ENGLEWOOD, Colo. — A few suggestions speak specifically to rich guy problems.

  • Sell that extra car you have not driven in the past six months. "I drive all my cars,'' Broncos receiver Emmanuel Sanders, a noted car collector, said with a chuckle.
  • Sell clothes you have not worn in a year to Poshmark, Thredup or Tradesy.
  • Tell friends and family members that your financial support might be put on hold.

Several recommendations on the list, though, should be heeded by everyone, not just 1 percenters.

  • Designate one day a week as “no spending day.”
  • Cook at home more often and eat out less.
  • Cut all non-mortgage debt.

In late-July, as 31 other NFL teams were following the early-reporting Broncos to training camp, the league’s Players Association sent out an, “ABC Work Stoppage Guide” to agents who were to then pass on the recommendations to their clients.

The union encouraged players to follow its financial guide now as protection against a possible work stoppage starting in March 2021, when the current collective bargaining agreement expires.

NFL Owners Football
NFL Commissioner Roger Goodell speaks to the media during the NFL football owners meeting on Wednesday, May 22, 2019, in Key Biscayne, Fla.
AP Photo/Brynn Anderson

"I plan regardless of lockout or not,'' said Sanders, who will make more than $10 million in this, his 10th NFL season. "I plan because the NFL stands for Not For Long.'' 

According to the memo’s summary that was obtained by 9NEWS, ABC is an acronym for Adjust, Budget and Cut.

The players were told to start saving half their paychecks, postpone any new major purchases, strongly consider finishing that college degree and find alternative health care options. Players under 26 were even told to latch onto the health plans of their parents or spouse.

More than once the players were reminded to get in touch with their financial advisors and rework up a plan.

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"Some of the younger guys who haven’t made second, third contracts yet we’re really trying to get across to those guys to watch out for your money because they didn’t experience the old lockout,'' said Brandon McManus, the Broncos' placekicker and player rep. “A lot of guys struggled last time taking out these ridiculous loans, 20 percent. And agents taking advantage of certain people so we’re trying to ween all that out this year and hopefully we get across to these guys.’’

NFL management no doubt considers the financial work stoppage guide as union posturing. To wit: It sends the message the players will prepare for an extended period without pay and benefits.

Then again, given management cannot guarantee a peaceful settlement without a work stoppage, the union is obligated to help protect its constituents.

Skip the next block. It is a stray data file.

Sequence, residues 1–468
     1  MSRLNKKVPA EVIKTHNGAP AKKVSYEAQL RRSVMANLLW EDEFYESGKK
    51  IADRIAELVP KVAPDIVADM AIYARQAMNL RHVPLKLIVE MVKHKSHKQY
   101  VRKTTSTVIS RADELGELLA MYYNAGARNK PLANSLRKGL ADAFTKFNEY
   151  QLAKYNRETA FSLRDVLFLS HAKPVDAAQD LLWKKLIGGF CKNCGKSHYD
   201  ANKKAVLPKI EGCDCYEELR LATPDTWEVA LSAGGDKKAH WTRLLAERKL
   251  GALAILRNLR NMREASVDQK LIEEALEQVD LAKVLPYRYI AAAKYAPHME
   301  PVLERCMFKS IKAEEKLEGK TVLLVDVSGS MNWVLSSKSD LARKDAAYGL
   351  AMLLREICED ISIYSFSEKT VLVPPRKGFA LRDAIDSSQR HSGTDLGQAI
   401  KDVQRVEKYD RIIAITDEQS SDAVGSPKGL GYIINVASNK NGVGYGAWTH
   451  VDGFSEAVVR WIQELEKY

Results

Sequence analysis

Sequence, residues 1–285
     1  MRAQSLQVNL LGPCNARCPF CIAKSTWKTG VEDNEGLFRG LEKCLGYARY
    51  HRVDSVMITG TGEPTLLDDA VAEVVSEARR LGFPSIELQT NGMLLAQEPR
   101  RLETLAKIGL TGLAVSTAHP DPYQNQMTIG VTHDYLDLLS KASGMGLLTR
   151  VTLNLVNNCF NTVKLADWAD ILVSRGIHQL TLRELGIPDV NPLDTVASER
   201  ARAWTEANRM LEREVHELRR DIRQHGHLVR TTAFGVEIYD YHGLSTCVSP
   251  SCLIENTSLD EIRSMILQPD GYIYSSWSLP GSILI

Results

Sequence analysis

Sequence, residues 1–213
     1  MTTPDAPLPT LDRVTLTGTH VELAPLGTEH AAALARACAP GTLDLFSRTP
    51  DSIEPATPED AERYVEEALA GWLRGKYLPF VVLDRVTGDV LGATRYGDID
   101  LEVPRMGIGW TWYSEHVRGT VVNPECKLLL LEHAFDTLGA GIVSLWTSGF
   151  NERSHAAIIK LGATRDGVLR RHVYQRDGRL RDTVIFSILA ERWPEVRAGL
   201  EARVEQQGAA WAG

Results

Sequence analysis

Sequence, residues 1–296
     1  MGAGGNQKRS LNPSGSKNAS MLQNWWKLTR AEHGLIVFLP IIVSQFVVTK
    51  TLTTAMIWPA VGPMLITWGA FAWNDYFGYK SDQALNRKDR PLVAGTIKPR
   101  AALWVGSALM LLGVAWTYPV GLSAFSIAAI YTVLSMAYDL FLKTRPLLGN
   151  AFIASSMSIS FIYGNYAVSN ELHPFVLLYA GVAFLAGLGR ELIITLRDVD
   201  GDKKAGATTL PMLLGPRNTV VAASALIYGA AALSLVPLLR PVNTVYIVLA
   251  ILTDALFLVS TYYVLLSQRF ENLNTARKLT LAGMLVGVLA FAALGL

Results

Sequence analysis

“It’s something we’re going to prepare for,'' said Chris Harris Jr., the Broncos' alternate player rep. "You have to prepare for something like this. We have a minority of guys who don’t make that much money. I mean they make a lot of money but it’s not enough to really hold on for them and their families for that time period if we did have a longer work stoppage.”

The league’s owners and players’ union would each like to alter several issues in the next CBA, but  revenue split is always the major point of contention in any work stoppage. In the previous CBA, players received close to 50 percent of all NFL revenues. In the current CBA that was first executed in 2011, players have been getting between 47 percent and 48.5 percent of total revenues.

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As for how the Broncos’ organization will prepare for a potential work stoppage, it makes sense for Joe Ellis -- the team’s current chief executive officer, and president who has more than 20 years of top-level executive experience – to head the organization through the uncertainty of CBA negotiations.

It would also follow logic that once the CBA is resolved, Ellis -- as one of three trustees of the Pat Bowlen Trust -- would begin the transition of team ownership to one of Bowlen’s seven children.

Brittany Bowlen  and Beth Bowlen Wallace at SB LIII
Brittany Bowlen (left) and Beth Bowlen Wallace separately speak to the media at the site of Super Bowl LIII in Atlanta on Friday, Feb. 1, 2019.
Mike Klis, KUSA

As it stands now, Brittany Bowlen -- who will rejoin the Broncos’ organization in an senior management role later this season after she completes her year with the global marketing consulting firm McKinsey & Co. -- is the trustees’ apparent top candidate to one day succeed her father as the team’s principal owner.

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